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What is diversification?

04 July 2017

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Money & Life team

Money & Life contributors draw on their diverse range of experience to present you with insights and guidance that will help you manage your financial wellbeing, achieve your lifestyle goals and plan for your financial future.

Diversifying your investments will reduce their risks and volatility, but what does it involve?

Often described as “not putting all your eggs in one basket”, diversification is crucial to reducing the volatility of investing. It’s about spreading your risks.

We know that the markets for different asset classes – such as bonds, shares, property or infrastructure – can go up and down for many reasons, but they usually don’t move in exactly the same way. While one market can be up, another can be down. That’s because different asset classes react differently to what’s happening in the economy and developments around the world.

To reduce the pain that can be caused by a fall in one market, the experts believe you should spread your risks across several markets. So, when one asset class market is down, the losses may be offset by gains from another market which has been performing better at that time. For example, if shares are down, bonds may be up, and vice versa.

Indeed, it’s been found that a portfolio made up of different kinds of investments will, on average, produce higher returns and have less risks and volatility than any individual investment in a portfolio.

Diversification considerations

When diversifying your portfolio, you need to consider what risk-return trade off you are willing to accept. The asset classes likely to produce the best returns also have the highest risks. These are called growth assets and include shares, alternative investments and property investments. To spread your risks, you would mix them with defensive assets such as cash and fixed interest, which have lower risk and returns.

That said, it’s important to note that asset classes aren’t the only way you can diversify your holdings. You can diversify your share portfolio by investing in both Australian and international shares. You can go even wider by diversifying your overseas share portfolio into both developed markets and emerging markets, or by regions, such as Europe or Asia, or even by country – for example, by investing in Chinese or US shares.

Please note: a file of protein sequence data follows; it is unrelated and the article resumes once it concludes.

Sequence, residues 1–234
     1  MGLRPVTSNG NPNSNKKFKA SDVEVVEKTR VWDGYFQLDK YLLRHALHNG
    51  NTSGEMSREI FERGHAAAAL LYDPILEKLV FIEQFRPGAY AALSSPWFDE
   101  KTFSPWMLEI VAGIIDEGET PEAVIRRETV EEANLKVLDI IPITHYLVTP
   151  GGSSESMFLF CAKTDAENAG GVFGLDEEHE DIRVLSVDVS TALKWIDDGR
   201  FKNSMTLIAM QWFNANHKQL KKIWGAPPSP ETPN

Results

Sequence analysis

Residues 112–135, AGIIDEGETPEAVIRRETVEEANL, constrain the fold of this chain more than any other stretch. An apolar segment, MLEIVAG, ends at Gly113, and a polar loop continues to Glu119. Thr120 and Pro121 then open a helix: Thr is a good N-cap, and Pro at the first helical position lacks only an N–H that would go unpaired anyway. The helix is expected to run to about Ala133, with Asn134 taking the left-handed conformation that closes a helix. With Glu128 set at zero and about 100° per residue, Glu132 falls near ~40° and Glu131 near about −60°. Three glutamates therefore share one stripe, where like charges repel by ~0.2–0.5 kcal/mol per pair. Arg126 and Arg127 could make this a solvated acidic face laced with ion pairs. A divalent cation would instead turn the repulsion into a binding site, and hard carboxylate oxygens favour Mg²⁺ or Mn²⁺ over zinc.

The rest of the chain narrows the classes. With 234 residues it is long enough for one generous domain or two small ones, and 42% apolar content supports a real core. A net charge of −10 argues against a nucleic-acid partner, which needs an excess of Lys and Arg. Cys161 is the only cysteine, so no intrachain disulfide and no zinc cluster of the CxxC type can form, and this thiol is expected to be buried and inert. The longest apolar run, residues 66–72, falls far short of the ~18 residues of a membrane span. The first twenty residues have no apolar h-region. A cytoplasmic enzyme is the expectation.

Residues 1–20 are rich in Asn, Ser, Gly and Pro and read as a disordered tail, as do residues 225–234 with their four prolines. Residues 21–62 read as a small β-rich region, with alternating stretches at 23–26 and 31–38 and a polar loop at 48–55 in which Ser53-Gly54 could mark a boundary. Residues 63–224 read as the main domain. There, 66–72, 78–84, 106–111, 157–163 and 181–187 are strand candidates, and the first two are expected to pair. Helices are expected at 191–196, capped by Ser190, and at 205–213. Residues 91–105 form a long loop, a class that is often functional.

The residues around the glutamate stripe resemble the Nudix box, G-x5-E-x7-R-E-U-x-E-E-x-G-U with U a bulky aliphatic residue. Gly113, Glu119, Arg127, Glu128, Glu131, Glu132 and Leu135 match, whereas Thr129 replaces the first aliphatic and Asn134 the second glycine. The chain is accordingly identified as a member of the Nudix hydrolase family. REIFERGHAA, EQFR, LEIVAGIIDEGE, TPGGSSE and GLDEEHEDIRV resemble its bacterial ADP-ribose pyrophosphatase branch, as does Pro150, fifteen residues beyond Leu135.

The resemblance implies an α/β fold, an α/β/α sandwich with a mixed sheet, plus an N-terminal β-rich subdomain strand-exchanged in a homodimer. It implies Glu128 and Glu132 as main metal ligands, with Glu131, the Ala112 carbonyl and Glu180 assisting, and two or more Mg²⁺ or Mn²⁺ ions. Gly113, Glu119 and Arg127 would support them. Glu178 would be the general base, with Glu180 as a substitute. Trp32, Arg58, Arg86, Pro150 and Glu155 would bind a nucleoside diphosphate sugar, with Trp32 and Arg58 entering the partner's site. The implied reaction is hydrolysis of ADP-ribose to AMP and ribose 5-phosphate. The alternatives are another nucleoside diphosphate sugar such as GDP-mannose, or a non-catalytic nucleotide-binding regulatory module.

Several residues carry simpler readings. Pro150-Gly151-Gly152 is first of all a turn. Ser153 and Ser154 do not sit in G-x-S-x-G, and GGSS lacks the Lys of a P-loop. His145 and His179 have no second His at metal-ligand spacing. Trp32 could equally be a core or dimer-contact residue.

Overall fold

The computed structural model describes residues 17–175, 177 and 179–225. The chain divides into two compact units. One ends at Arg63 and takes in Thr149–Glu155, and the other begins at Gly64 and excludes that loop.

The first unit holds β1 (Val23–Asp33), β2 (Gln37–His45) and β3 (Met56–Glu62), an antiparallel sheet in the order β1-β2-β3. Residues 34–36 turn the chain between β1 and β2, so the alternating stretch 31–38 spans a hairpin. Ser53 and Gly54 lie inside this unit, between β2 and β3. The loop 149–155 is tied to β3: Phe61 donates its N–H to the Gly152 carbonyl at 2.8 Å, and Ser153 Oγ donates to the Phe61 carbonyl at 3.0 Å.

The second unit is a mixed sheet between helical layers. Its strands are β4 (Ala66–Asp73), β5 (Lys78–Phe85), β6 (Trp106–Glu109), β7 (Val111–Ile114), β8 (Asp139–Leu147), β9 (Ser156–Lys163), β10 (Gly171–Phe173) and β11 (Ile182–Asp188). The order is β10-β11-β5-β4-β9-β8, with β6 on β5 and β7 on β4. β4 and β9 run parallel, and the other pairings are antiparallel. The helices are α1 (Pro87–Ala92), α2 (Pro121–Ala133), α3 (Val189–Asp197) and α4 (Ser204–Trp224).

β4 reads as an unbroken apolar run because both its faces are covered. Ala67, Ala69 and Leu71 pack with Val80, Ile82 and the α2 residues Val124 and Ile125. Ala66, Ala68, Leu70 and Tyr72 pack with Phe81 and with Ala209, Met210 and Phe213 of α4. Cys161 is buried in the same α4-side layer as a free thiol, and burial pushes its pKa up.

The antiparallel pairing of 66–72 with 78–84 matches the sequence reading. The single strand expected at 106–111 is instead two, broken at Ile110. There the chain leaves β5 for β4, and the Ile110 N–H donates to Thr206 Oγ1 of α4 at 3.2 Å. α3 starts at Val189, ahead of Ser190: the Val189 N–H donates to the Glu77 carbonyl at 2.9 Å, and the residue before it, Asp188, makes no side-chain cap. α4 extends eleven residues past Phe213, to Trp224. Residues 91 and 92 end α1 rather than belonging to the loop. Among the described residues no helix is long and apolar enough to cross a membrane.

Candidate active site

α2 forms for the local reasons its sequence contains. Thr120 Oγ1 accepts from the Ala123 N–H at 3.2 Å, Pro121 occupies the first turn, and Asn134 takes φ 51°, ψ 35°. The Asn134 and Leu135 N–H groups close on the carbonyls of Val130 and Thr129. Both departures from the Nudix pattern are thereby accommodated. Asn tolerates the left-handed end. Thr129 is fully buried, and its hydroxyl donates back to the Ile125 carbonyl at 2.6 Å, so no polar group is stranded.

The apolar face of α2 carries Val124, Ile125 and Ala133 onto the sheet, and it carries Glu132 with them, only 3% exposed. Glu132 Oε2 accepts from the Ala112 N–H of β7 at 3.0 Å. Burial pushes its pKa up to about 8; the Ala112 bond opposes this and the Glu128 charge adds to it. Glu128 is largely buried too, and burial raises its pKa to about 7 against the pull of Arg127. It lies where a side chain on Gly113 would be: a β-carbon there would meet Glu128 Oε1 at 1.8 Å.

Spreading your risks

The Australian share market accounts for less than 2 per cent of the value of the world’s share markets. This means you have plenty of opportunities to pick from outside of Australia. Different overseas markets are likely peak at different times, depending on their economic conditions. When the US market is in a slump, China might be booming.

Your share portfolio can also be diversified across different types of sectors, for example, financial services, mining, healthcare or industrials. And it can be spread across the size of companies, such as large companies and small companies, or by the different investment philosophies of your fund managers. Fund managers with different  focuses – for example, on value or growth investing – perform better at different times of the investment cycle.

Remember that you don’t need to have millions of dollars to diversify. In addition to investing directly, you can access different countries and regions through managed funds, exchange traded funds or investment options offered by your super fund.

Similarly, your bonds investments can be diversified by country or by type, for example, government or corporate bonds. Your property holdings could include direct or listed property, or be spread across residential, retail or commercial property.

Creating a portfolio for you

Just how you diversify your portfolio will depend on a host of factors, including your appetite for risk, investment objectives, time frame and available capital.

But as you can see, effectively diversifying your portfolio can be complicated and requires a knowledge of the various asset classes, markets and sectors.

 To get the best results and create a portfolio suited to your particular needs and circumstances, it might be wise to talk to a financial planner.